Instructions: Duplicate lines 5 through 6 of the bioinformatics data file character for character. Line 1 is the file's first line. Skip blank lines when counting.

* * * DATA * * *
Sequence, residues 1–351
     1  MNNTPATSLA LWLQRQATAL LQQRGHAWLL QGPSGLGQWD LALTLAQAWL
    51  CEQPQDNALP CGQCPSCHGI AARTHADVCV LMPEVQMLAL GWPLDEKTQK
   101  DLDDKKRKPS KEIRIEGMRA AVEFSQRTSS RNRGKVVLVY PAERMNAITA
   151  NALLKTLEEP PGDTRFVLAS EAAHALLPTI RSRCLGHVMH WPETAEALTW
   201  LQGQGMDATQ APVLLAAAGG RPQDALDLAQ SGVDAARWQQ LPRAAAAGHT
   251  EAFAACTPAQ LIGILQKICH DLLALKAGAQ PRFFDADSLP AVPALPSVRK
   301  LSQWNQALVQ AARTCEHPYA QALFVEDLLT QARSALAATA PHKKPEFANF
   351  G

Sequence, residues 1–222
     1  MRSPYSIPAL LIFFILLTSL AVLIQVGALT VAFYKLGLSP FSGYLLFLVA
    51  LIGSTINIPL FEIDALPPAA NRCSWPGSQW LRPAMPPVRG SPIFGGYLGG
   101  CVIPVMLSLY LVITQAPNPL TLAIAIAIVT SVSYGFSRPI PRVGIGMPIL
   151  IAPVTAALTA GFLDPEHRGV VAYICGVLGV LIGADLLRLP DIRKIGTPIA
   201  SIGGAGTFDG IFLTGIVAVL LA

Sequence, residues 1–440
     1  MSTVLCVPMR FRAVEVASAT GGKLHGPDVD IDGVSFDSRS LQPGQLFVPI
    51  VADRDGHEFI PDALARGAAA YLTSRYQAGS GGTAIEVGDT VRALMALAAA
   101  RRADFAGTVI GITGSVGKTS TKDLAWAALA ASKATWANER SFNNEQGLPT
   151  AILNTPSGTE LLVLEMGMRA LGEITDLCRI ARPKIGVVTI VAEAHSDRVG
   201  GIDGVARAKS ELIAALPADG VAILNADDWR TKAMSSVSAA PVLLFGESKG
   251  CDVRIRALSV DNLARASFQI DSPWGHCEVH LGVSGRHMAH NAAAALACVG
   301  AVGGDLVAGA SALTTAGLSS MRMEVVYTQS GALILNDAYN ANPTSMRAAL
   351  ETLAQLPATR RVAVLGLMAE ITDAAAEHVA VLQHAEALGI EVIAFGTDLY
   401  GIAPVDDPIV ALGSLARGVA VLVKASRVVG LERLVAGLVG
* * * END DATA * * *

   151  NALLKTLEEP PGDTRFVLAS EAAHALLPTI RSRCLGHVMH WPETAEALTW
   201  LQGQGMDATQ APVLLAAAGG RPQDALDLAQ SGVDAARWQQ LPRAAAAGHT